We have been in the process of deploying some newly minted software. I spent a lot of time tracking down a particular bug and it has confused me regarding what I thought I knew about Java pass by value vs pass by reference. I'll show some of the code, describe the problem, show how I solved it. This is really just more for my edification to make sure I really understand how Java manages objects now...
When I first ran this code, everything looked great. Then I started getting the web developer asking me how come the array kept growing. After staring at the code for some number of hours I did:
Holy Cow!!! It worked. This is a pretty crappy way to get around my problem so once my test discovered it, I fixed it by doing the following:
Given that at no point in the code do I put the temp ArrayList back in my Map as the value associated with the key and I was declaring a new ArrayList, I was caught off guard on this. I thought that Java does not use pointers... What I found in this is that Java is passing me a reference to the object (a pointer), not the value (a copy) of the object. So, when I change the object, despite having it declared in a new reference, the object I do not want to be updated is being updated. Perhaps I'm wrong headed on this but it sure seems to me like Java is using a pointer to my object in memory instead of giving me a new object that I can manipulate. This was easy to solve once I discovered it and it's a lesson learned. I have re-read the article here on this and believe I understand it. But, despite the fact that I can't directly point to some location in memory where an object is stored, isn't Java really just doing that for me when I declare a new reference and therefore is using pointers just like C?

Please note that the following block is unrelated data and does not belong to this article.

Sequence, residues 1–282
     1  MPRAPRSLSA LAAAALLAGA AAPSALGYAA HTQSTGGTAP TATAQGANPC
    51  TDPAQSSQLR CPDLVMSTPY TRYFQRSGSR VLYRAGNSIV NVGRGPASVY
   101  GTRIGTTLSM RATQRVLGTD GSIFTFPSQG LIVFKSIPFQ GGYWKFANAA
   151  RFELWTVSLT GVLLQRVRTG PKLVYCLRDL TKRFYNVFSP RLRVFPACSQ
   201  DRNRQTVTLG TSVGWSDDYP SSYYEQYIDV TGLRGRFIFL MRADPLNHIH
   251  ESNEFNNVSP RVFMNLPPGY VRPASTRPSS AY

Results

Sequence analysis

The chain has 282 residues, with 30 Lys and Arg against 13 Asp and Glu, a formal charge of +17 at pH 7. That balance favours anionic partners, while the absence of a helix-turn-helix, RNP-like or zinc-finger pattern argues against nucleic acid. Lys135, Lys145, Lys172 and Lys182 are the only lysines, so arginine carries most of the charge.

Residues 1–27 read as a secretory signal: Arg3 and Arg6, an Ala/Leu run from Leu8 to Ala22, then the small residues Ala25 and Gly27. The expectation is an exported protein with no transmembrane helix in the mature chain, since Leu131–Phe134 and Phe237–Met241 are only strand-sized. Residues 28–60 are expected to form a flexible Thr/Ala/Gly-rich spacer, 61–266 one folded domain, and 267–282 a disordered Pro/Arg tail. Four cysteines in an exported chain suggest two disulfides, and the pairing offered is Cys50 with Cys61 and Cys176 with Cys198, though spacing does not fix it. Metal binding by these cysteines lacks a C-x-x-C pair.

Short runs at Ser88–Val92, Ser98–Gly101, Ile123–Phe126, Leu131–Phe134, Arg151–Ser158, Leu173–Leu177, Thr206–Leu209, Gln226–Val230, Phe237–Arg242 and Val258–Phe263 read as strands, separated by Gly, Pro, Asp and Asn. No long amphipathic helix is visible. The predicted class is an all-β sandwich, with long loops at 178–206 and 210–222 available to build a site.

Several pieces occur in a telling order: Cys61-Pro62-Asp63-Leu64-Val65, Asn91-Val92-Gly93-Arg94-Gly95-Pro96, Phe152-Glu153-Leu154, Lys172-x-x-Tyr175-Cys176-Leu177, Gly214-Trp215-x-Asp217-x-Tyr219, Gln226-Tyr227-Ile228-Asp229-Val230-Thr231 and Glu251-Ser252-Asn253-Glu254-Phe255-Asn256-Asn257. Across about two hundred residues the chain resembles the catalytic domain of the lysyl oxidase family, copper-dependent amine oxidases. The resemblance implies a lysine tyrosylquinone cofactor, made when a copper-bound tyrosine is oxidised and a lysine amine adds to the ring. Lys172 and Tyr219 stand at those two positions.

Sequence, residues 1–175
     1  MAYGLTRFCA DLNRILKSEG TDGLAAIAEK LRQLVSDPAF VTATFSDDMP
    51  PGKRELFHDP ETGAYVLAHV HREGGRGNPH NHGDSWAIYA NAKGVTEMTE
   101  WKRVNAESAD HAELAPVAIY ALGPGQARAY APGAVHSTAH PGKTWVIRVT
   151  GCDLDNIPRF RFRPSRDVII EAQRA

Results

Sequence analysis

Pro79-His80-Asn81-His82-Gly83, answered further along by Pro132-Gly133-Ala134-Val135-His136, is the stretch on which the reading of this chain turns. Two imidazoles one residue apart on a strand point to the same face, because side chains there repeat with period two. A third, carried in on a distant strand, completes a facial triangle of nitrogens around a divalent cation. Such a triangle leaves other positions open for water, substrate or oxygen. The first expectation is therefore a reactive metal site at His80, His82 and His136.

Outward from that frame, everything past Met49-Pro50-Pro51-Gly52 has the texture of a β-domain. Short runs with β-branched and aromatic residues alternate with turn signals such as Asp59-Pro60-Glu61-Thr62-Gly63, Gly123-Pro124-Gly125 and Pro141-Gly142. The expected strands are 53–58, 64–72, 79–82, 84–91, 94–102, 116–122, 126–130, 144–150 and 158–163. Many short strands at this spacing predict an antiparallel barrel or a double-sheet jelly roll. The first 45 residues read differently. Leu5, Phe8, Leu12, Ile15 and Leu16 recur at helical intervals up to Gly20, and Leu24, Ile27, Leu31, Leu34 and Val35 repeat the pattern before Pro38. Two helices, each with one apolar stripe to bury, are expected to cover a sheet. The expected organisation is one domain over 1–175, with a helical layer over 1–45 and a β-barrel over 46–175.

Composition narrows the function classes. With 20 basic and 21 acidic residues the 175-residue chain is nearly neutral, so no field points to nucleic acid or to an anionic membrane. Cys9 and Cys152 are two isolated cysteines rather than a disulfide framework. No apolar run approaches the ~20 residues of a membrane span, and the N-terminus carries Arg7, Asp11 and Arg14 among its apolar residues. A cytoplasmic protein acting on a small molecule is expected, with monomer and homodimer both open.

The Map does not contain ArrayList objects, it contains references to ArrayList objects. When you retrieve such a reference and add an element to it, you are adding an element to the ArrayList object the reference is referring to. You are not creating a new ArrayList. As such you do not need to put back the ArrayList into the Map.
Even though it appears that Java has pointers, references are quite different. Pointers refer to actual memory locations whereas references refer to objects. You don't know nor need to know where the object is actually located. Pointer arithmetic is also not possible in Java.
As for the pass by value vs pass by reference - the reference is copied, not the object it is referring to.